IBJNews

Lilly's ex-partner wins FDA approval for diabetes drug

Back to TopCommentsE-mailPrintBookmark and Share

Amylin Pharmaceuticals Inc. and Alkermes Plc succeeded in their third attempt to gain U.S. clearance for Bydureon, a once-weekly version of Amylin’s diabetes shot.

The Food and Drug Administration approved the drug for adults with Type 2 diabetes, the agency said Friday in a letter posted on their website.

Bydureon is a long-acting form of Byetta, a twice-daily injection that San Diego-based Amylin developed with Eli Lilly and Co. in a partnership that ended last year. Amylin lost almost half its market value on Oct. 20, 2010, after the FDA rejected Bydureon for a second time and sought a study on cardiac effects. The companies refiled for approval last year after the trial didn’t tie the drug to dangerous heart-rhythm changes.

Byetta, the twice-daily shot approved by the FDA in 2005, earned $559 million for Amylin and $151 million for Indianapolis-based Lilly in 2010, according to data compiled by Bloomberg. The two companies ended their decade-long partnership in November to resolve a legal dispute.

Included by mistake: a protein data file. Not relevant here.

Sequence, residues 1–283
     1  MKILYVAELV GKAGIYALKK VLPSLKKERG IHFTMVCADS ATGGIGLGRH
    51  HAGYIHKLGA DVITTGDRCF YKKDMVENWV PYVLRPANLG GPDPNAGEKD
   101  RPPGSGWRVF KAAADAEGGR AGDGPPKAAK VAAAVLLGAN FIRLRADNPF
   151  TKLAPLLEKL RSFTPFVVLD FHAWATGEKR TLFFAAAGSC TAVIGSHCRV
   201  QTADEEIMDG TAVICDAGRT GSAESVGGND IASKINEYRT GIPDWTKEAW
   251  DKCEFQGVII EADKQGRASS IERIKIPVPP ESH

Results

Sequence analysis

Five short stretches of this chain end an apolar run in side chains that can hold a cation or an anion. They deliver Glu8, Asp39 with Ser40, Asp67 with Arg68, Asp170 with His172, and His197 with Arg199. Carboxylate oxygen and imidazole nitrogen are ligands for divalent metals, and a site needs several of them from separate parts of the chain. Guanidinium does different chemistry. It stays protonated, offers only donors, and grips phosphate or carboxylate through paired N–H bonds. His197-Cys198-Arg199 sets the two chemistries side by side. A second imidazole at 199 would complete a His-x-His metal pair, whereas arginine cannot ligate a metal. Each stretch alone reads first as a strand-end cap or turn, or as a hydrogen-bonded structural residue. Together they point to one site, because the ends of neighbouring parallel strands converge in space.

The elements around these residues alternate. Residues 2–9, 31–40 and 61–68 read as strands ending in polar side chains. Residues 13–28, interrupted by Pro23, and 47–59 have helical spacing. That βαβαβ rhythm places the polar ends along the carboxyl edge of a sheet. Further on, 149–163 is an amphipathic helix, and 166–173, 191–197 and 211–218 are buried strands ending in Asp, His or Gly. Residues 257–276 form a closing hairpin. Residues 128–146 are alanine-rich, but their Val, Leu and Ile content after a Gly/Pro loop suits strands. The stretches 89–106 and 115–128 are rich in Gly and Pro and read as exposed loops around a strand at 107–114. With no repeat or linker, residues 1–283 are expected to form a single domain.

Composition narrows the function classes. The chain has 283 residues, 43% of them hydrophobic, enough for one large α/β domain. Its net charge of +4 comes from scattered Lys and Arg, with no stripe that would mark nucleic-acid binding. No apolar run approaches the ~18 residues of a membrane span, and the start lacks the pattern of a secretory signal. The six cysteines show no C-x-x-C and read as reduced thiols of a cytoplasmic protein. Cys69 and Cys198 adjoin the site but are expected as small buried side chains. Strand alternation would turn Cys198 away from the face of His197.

Amylin had sued in May to prevent Lilly from using the same sales force to market exenatide and linagliptin, a drug Lilly is developing with Boehringer Ingelheim GmbH.

While Lilly won’t market Bydureon or Byetta in the U.S. under the deal that dissolved the partnership, the company will receive future revenue-sharing payments of as much as $1.2 billion from Amylin for both drugs. Amylin also agreed to make a one-time payment of $250 million to Lilly.

“Bydureon is now the first and only weekly diabetes therapy approved in the United States,” Amylin CEO Daniel Bradbury said on a conference call. The drug will be available in pharmacies next month, he said.

Amylin must complete a post-marketing clinical trial by 2018 to determine whether the treatment increases diabetes patients’ cardiovascular risks, the FDA said in the letter.

Bydureon’s U.S. revenue may surpass $1 billion in 2015, said Robyn Karnauskas, an analyst with Deutsche Bank in New York. Alkermes has said it will receive 8 percent of the drug’s net sales.

“We remain positive on Bydureon but significant execution risk remains,” Karnauskas, who has a “hold” rating on Amylin shares, said Jan. 24 in a note to investors. “We view Amylin’s capital structure as poor, with $2 billion of debt and $210 million in cash. However, more attractive financing options should open up” with FDA approval of the drug.